Derek Walcott wrote that “History is sea”: sailing, as a movement, goes beyond the borders and in the postcolonial narratives the transatlantic is a powerful symbol of the transnational space.
The essay wants to analyse the images of the marine world, of the ocean and especially of the ship, the transatlantic as the fundamental and chronotopic figure of the postcolonial theories, particularly in relation to the delineation of a contemporary cultural and global reality as a transnational space in which take shape political and aesthetical expressions that challenge the modern conceptions on nationality, ethnicity and on cultural authenticity. The theories on postcolonialism by Paul Gilroy and Édouard Glissant are here examined.
Gilroy considers the ship that moves through the archipelagos as the representation of the instability and the mutability of identities that are in perpetual development, since the ship’s movement is transversal, not linear, and it crosses the “Black Atlantic”, transmitting multicultural, hybrid ideas during its journey. Édouard Glissant is the theorist of the ‘Antillanité’ as the place of choice for the crossing of different cultures in the French-speaking Caribbean, and moves from his vision of the American and Caribbean landscape towards a broader, global identity.
Ahdaf Soueif is an Anglo-Egyptian writer who spends her time between London and Cairo, finding herself in what Abdul JanMohammed calls ‘border position’ because she is divided between two cultures, what Edward Said referred to as ‘contrapuntual’. The author investigates how people cope with the conflicts between tradition and modernisation, thus contributing to the topical cultural debate on Westernization. Soueif’s Aisha, protagonist of the homonymous collection of short stories, is a girl who has to follow her parents from Cairo to London, and who finds herself switching from Arab to English culture depending on her location, later discovering that this internal conflict shapes her own identity.
The essay examines Soueif’s semi-autobiographical short story and the experience of Soueif’s protagonist during her trajectory from the East to the West on the ship Stratheden. Soueif is concerned with how identity can be negotiated on a cross-cultural terrain as exemplified by the ship. She explores what happens when East and West meet, when men and women are involved in a cross-cultural relationship. From a female point of view, migration intersects with many different issues, like social position, gender and even sexuality, and Soueif explores how cross-cultural relationships evolve and how different characters try to reach a balance by carving out a place for themselves. Soueif creates new identities that are “neither soft-edged amalgamation nor slavish mimicry”.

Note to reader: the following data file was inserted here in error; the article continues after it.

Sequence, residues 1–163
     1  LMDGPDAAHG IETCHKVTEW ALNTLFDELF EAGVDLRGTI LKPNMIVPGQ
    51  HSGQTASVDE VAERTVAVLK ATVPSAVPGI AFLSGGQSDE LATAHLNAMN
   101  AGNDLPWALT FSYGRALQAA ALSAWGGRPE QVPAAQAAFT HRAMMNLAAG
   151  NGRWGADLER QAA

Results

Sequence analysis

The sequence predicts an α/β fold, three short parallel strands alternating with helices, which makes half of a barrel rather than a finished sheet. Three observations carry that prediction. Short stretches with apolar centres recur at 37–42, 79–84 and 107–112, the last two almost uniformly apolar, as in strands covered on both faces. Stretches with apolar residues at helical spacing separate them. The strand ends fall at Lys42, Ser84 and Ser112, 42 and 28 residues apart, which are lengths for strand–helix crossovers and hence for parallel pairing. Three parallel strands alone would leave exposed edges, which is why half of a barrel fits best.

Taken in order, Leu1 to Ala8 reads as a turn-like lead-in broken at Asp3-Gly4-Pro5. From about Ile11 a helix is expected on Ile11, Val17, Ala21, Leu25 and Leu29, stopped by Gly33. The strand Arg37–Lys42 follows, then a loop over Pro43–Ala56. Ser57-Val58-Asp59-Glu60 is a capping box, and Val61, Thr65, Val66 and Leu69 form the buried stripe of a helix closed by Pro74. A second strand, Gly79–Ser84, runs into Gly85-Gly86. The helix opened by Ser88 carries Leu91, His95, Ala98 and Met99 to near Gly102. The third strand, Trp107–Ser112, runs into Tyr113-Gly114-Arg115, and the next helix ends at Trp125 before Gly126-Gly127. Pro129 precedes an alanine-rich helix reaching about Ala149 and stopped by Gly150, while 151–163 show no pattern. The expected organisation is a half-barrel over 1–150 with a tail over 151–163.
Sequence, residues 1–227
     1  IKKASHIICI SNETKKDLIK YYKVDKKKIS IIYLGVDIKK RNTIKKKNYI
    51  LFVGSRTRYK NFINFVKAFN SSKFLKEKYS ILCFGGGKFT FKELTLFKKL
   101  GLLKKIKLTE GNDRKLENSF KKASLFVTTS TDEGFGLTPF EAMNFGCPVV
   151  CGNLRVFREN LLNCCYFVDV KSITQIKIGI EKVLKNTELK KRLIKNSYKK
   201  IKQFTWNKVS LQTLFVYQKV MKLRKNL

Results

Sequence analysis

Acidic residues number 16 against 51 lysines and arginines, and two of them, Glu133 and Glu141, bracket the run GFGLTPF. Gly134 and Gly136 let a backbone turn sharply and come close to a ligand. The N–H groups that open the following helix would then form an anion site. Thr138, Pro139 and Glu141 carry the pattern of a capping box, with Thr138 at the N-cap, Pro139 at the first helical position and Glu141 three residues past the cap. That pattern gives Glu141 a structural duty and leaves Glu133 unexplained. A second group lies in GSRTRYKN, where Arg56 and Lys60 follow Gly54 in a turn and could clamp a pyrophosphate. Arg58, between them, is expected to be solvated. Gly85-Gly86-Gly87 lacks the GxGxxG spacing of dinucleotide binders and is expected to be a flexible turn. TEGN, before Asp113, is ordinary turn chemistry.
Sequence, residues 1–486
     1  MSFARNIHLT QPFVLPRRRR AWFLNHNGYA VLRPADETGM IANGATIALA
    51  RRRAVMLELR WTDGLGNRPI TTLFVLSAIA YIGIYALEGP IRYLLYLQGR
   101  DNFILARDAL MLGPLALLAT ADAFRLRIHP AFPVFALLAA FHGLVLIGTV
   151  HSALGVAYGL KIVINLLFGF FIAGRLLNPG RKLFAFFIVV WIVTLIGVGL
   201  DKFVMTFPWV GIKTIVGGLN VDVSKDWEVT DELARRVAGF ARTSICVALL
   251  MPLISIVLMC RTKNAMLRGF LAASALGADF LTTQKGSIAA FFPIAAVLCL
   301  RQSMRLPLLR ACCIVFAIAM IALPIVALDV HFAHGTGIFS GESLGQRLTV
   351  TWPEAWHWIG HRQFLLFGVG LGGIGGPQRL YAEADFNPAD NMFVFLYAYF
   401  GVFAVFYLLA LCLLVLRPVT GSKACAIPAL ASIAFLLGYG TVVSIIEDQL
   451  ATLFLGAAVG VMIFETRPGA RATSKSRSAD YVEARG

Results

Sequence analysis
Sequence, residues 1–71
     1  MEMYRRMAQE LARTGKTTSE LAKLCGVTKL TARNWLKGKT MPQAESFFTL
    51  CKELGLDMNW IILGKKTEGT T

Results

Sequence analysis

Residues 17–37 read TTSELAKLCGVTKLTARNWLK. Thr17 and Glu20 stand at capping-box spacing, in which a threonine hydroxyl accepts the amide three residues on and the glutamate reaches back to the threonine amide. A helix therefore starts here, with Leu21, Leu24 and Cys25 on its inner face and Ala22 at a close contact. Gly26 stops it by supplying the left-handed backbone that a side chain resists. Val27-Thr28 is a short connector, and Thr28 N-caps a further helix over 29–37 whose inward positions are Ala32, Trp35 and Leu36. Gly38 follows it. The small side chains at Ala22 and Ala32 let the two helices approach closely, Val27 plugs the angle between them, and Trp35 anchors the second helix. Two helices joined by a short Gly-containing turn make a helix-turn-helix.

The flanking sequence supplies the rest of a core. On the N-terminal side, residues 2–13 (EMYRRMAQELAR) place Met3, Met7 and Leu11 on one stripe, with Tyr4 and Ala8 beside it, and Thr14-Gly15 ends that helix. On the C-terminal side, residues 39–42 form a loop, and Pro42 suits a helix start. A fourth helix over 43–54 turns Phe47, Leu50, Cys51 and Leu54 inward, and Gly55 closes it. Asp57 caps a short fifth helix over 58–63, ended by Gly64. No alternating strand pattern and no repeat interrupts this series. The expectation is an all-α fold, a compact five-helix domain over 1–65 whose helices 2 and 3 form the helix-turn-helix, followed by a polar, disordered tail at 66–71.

Pascal D’Angelo and Francesco Ventresca were among the many Italians who passed through Ellis Island at the beginning of the 20th Century, and wrote about their experience in the autobiographies "Son of Italy" (1924) and "Personal Reminiscences" (1936). Cynthia Wong underlines that in those same years the phenomenon of ethnic autobiographies began. The ‘autobiographies of Americanisation’ were written by emigrants to reaffirm their identities while showing at the same time the struggle to reconcile the need to preserve one’s heritage with the desire to assimilate into the mainstream American culture. Both authors hail from the village of Introdacqua in Abruzzo, and both follow a linear path in their text: the life before emigration, the travel to America, and the conflict between the life the emigrants hoped for and reality.
The essay examines the two narratives by following their similar approaches towards a shared history of loss, voyage, hard work, disillusionment, difficulties, but especially (and differently from other emigrants) of desire to be acknowledged in their openness towards ‘alterity’, trying, as both authors are, to acquire the new language, its poetics and culture. Both autobiographies become then the expression of a real cultural transition and of the capability of their authors to build bridges between different cultures and different versions of themselves.